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Gas utilities managing to grow amid woes; National Grid halts new NY gas service


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Gas utilities managing to grow amid woes; National Grid halts new NY gas service

Gas utilities managing to grow, even with regulatory and social obstacles

As opposition to natural gas projects gains more attention, utilities who move the fuel to customers across the U.S. are still finding ways to expand, often by reaching common ground with the communities where the companies operate, a number of industry executives said. Spire Inc., for instance, is on the cusp of putting into service its STL Pipeline LLC this year. The 65-mile pipe is largely "demand pull, not producer push," which helped with local support for the project, Steven Rasche, Spire's executive vice president and CFO, said May 22.

National Grid says it will turn down NY gas customers unless pipeline is built

National Grid USA said it will not provide natural gas distribution service to new customers in Long Island and New York City service areas until New York state reconsiders the rejection of a permit for an expansion of the Transcontinental Gas Pipe Line Co. LLC system that would serve National Grid utilities. "While we continue to receive applications for new and expanded firm natural gas service from residential, commercial and industrial customers in Brooklyn, Queens and on Long Island, none will be processed until the permits are received and the project is allowed to proceed," National Grid said in a May 20 email.

Push for rapid gas utility modernization may slow, sector expert says

The push for rapid system modernization at natural gas utilities may be slowing as regulators try to strike a balance between customer costs and the need for infrastructure investments, a utility-focused consultant said. Regulators have increasingly allowed utilities to recover costs of upgrading their systems more quickly. But Russell Feingold, vice president of the consulting group Black and Veatch, told attendees at the American Gas Association Financial Forum that regulators in some jurisdictions may be ready to slow down some of the accelerated investments.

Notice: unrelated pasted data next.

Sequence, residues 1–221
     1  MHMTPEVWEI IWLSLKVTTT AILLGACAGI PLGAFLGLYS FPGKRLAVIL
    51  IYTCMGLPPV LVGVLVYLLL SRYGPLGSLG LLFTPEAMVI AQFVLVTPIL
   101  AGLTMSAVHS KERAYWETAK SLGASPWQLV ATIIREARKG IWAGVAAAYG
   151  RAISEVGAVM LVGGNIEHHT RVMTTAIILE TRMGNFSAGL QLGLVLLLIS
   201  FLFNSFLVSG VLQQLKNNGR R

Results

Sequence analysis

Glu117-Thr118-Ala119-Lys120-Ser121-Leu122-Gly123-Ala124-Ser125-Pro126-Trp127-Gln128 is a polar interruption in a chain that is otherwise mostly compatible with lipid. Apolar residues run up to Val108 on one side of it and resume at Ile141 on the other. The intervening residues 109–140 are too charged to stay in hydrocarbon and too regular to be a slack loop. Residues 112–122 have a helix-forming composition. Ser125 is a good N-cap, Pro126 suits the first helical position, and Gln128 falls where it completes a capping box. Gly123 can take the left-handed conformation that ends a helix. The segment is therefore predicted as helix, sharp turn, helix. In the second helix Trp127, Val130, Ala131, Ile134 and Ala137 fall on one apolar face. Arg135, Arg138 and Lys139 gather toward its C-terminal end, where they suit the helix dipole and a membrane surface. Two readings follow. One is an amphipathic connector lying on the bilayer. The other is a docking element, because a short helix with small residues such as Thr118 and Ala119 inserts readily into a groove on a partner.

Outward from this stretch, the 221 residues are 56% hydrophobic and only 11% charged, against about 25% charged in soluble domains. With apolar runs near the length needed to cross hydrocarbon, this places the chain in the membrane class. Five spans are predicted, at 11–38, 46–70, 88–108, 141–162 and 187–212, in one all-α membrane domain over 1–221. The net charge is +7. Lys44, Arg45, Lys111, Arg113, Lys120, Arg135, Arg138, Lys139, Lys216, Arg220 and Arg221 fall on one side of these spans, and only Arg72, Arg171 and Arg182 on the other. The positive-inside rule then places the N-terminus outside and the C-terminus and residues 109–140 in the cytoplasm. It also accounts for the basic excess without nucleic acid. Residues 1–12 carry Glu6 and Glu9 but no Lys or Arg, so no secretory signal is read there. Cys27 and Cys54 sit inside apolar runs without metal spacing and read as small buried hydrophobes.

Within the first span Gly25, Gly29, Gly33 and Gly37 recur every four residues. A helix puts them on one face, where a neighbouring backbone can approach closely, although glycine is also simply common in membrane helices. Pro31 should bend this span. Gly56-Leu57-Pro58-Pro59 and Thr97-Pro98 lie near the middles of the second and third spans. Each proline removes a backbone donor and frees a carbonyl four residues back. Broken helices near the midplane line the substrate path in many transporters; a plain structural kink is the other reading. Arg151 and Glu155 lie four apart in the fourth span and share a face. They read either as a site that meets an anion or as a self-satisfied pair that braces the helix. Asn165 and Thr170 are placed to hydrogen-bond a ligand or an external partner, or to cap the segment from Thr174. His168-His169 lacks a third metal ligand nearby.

Energy Transfer pipeline explosion put customer out of business, driller claims

Energy Transfer LP has been accused of ruining streams and soiling wetlands while building natural gas and liquids pipelines in Pennsylvania, and now a customer has claimed the pipeline giant put it out of business. That customer, Goldman Sachs-backed gas driller EdgeMarc Energy Holdings LLC, claimed in a May 14 Chapter 11 filing in bankruptcy court in Pittsburgh that the producer has lost the ability to flow up to 50,000 Mcf/d from its Butler County, Pa., wells because Energy Transfer unit ETC Northeast Pipeline LLC could not get its Revolution Pipeline in operation by the first of the year, as promised.

US agency to ask high court to free Atlantic Coast pipeline from legal obstacle

The U.S. Justice Department plans to ask the U.S. Supreme Court to remove a legal obstacle for the 600-mile, 1.5-Bcf/d Atlantic Coast natural gas pipeline and has received an extension until June 25 to file a petition. At issue is one of the major holdups for the Dominion Energy Inc.-led Atlantic Coast Pipeline LLC project designed to ship Appalachian shale gas to mid-Atlantic markets.

Columbia Gas sues Maryland to win easement for lateral project

Columbia Gas Transmission LLC sued Maryland in federal court after a state agency refused to give the developer an easement to proceed with construction of a natural gas lateral project already approved by the Federal Energy Regulatory Commission. After failed negotiations, the pipeline company, a TC Energy Corp. subsidiary, filed suit against the Maryland Department of Natural Resources in the U.S. District Court for the District of Maryland on May 16.